BAGHDAD, Iraq – In an attack that shocked even Baghdad’s blast-weary citizens, a suicide bomber Wednesday killed 24 children who had swarmed around an American Humvee in one of the city’s poorest neighborhoods.

At least two adults and an American soldier were also killed when the bomber plowed his car into the crowd, igniting a fire that destroyed a nearby house, the U.S. military said.

Distraught mothers veiled in black rushed screaming into the street after the blast, only to encounter a devastating tangle of bodies, toys and tiny, bloodied shoes.

Witnesses said the soldiers were handing out candy at the time, contributing to the lure of the soldiers’ presence to children living on the quiet street in the impoverished, mostly Shiite neighborhood of New Baghdad. News agencies said that some of the bodies of the children were still clutching blue candy wrappers when their bodies arrived at the morgue.

U.S. military officials denied that the soldiers were giving out candy, something that was officially discouraged after a suicide bomber killed 35 children in similar circumstances during a ribbon-cutting ceremony for a new sewage plant last September.

The Humvee was stationary, and several soldiers were on the street “interacting” with the children at the time of the blast, said Sgt. David Abrams, a spokesman for the 3rd Infantry Division in Baghdad. “They were not handing out candy,” he said. “It was just the natural inclination of the children to come running up to the side of the Humvee and the soldiers.”

There was no doubt, however, that the bomber must have seen the children blocking his path to the Humvee, the presumed target of his attack, U.S. officials and local witnesses said.

“The bomber definitely came from the side of the Humvee where the children were gathered,” Abrams said. “It’s pretty obvious he did see the children.”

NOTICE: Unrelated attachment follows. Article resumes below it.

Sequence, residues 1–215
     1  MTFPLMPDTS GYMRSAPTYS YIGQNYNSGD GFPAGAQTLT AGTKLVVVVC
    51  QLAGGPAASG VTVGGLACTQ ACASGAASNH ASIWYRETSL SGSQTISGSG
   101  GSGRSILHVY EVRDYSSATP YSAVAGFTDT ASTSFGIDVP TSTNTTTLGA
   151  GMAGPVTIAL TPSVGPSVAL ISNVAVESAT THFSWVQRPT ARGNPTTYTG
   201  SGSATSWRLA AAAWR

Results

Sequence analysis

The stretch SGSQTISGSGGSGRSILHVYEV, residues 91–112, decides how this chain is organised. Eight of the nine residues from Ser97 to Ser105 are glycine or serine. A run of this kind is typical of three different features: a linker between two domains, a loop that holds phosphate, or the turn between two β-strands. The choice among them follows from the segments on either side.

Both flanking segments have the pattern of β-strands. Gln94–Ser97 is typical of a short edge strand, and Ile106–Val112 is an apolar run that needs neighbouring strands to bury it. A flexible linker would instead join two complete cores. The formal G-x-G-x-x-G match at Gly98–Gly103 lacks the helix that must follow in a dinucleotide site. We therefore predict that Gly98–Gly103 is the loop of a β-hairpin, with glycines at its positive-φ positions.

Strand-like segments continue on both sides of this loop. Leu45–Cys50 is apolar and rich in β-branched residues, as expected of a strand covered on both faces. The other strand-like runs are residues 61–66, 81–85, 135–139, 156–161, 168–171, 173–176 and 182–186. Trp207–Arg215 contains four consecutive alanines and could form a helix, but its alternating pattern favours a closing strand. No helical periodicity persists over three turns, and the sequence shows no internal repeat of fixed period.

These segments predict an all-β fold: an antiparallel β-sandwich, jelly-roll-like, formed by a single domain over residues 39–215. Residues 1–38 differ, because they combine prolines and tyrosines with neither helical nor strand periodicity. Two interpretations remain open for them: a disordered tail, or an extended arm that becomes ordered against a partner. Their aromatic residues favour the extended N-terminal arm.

At Baghdad’s al-Kindi Hospital, a throng of wailing parents and relatives lined up at the morgue to collect the bodies of their children. “It was foreigners who did this,” one man shouted angrily. “Iraqis would never kill their own children.”

Jamal Saad, who witnessed the blast, was there to collect the body of his neighbor’s 7-year-old son. He said that the street had been blocked off by Americans who were apparently searching for a booby-trapped car.

and that it wasn’t clear how the suicide bomber had made his way to the Humvee.

“The children gathered around one of the American Humvees, to get candies that the soldiers were giving to them, then I heard a huge boom,” he said. “I’m sure the suicide attacker saw the children.”

Hospital officials said they had received the bodies of 17 children, including several ages 4 and 5. The U.S. military said a total of 24 children died.

The blast came as insurgents again stepped up their attacks after a pause in the rate and intensity of the bombings that have plagued Baghdad for much of this year. In another attack, four people, including a child, died outside a mosque in the Sunni neighborhood of Adhamiya, hospital officials said.

It also coincided with a fresh allegation of abuse against government security forces after the discovery of at least 11 bodies bearing signs of torture at a garbage dump in eastern Baghdad. One of the bodies was that of a Sunni imam who had been detained by police earlier in the week, and most of the others were identified as belonging to Sunni men who had also been detained, according to Sunni religious leaders.

The bodies are the latest in a series of similar discoveries that Sunni leaders have blamed on the Shiite-led government’s security forces, heightening sectarian tensions between the once-dominant Sunni minority and the newly empowered Shiite majority.

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